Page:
In response to The Daily Post’s writing prompt: “Take It From Me.”
What’s the best piece of advice you’ve given someone that you failed to take yourself?
I’m not a big fan of advice – either giving or receiving it. I like to figure things out for myself, making mistakes along the way. I’ve found this is how I learn best. My Mum is the exact opposite – she loves to give me advice, be it from how to bake a cake to how to deal with a difficult work situation. The advice is not sought out however I have learnt over the years to listen to it because even though Mum knows I’m independent, she is still my Mum and simply wants to help.
My family have put up with me insisting that I want to do things without any help all my life and I know they are proud that I can take care of herself. But despite this the advice still comes. Some of it is not particularly useful (I don’t want to use the word ‘bad’ but…) – like the time when I was about 12 and was going to a friends party in a brand new dress. I wanted to wear pretty shoes but despite my better judgement Mum convinced me that sneakers were the way to go and that all my friends would be wearing them – they weren’t! I spent the entire evening feeling as though I stood out like a sore thumb.
Some of the advice however is actually pretty good. Probably the two best pieces of advice I’ve received that I have actually passed on (generally under duress because like I said I don’t like giving advice) are:
- Always wear nice underwear as you never know if you might get hit by a bus (or be involved in some other less-specific accident). Now on the face of it this seems like pretty grim advice, what with the threat of potential vehicular injury and all, but I actually really like this one. I’m a fan of this titbit because a) you wouldn’t wear grotty underwear in front of someone who you actually wanted to see you in it so why would you potentially run the risk of a stranger seeing it?, and b) because if you get hit by a bus you have plenty of other things to worry about other than whether your bra and pants match. For the record I follow this piece of advice religiously.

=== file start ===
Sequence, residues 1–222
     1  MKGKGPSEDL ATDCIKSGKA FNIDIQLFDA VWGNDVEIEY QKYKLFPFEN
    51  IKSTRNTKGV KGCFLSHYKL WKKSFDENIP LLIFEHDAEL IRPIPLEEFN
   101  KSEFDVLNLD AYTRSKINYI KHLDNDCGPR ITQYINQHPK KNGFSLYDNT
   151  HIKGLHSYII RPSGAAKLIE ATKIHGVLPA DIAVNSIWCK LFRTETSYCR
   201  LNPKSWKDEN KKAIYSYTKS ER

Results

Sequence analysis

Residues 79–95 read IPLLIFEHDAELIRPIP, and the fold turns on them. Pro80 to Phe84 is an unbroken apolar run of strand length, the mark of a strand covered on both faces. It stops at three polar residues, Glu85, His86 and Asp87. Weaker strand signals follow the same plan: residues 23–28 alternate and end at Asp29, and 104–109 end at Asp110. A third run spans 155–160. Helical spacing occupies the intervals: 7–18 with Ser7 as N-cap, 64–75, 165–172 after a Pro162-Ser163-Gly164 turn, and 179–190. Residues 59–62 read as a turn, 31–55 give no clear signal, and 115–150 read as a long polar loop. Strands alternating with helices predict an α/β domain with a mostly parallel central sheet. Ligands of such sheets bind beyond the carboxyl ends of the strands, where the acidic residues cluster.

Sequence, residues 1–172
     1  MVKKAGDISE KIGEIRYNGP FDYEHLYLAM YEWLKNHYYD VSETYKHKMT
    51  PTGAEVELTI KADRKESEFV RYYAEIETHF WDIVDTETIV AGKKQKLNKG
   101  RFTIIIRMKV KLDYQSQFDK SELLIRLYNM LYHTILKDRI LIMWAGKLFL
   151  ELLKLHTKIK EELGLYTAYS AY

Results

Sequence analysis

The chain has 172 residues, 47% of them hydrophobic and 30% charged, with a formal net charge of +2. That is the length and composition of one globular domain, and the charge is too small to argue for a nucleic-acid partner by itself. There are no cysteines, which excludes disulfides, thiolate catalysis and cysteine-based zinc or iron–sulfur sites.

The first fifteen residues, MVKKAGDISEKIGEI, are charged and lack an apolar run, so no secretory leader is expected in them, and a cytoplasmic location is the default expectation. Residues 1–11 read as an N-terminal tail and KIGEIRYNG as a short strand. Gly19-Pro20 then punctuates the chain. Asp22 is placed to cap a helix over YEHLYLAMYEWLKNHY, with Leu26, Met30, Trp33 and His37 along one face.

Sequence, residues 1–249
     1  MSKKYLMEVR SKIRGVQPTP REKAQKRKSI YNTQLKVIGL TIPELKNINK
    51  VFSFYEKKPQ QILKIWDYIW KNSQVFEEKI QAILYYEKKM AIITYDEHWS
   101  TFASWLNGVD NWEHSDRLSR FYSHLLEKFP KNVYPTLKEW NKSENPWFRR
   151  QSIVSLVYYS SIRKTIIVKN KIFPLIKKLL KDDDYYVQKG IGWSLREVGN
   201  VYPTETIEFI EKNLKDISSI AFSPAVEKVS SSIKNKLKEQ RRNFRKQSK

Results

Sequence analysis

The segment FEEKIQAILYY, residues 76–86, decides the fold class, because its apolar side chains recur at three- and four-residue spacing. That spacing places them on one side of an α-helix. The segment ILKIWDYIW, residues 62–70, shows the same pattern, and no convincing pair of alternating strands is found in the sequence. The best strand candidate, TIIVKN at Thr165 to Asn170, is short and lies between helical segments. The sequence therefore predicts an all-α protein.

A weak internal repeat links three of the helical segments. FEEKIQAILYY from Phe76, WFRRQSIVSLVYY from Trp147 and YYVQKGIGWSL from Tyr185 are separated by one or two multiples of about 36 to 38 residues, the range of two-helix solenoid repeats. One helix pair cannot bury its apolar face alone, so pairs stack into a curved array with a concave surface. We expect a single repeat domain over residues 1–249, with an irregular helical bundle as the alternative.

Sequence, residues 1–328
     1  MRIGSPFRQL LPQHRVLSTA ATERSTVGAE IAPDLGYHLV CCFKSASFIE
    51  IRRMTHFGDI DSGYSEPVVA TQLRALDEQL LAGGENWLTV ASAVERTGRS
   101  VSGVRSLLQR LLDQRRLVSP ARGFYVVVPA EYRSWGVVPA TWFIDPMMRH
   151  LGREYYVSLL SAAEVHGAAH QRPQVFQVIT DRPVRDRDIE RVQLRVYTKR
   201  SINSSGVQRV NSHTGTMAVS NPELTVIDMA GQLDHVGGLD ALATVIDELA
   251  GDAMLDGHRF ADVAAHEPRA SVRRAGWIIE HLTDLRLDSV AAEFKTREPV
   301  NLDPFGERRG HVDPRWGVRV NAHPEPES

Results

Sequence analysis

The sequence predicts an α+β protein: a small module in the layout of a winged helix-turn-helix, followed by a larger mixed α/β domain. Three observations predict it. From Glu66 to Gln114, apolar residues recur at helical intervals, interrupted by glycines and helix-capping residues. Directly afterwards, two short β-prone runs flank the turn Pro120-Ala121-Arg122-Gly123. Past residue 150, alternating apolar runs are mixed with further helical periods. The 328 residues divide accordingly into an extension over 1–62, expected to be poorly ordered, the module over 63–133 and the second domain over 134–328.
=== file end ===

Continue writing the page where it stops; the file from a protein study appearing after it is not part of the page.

- People aren’t thinking about you, they’re thinking about themselves. (Despite it being more of a statement I am counting this as advice). As a born worrier who is prone to over-thinking things I spent most of my teenage years in a perpetual state of paranoia worrying that people were critiquing me and generally thinking bad things about me (I was bullied a bit at school which laid the foundations for these worries). Someone could glance in my direction and I would think they were secretly laughing at the way I looked etc. It took quite some time (longer than I’m proud of) to realise that people have plenty of their own problems to worry about – I was simply projecting my own criticisms about myself on to them.
Whilst I would love to say that I follow the second piece of advice all the time the truth is that I don’t. I still get a little self-conscious if someone gives me a funny look, wondering if I have spinach in my teeth or have grown an extra eye, but then I ask myself the question “does it really matter in the grand scheme of things?” More often than not the answer to that question is “no”.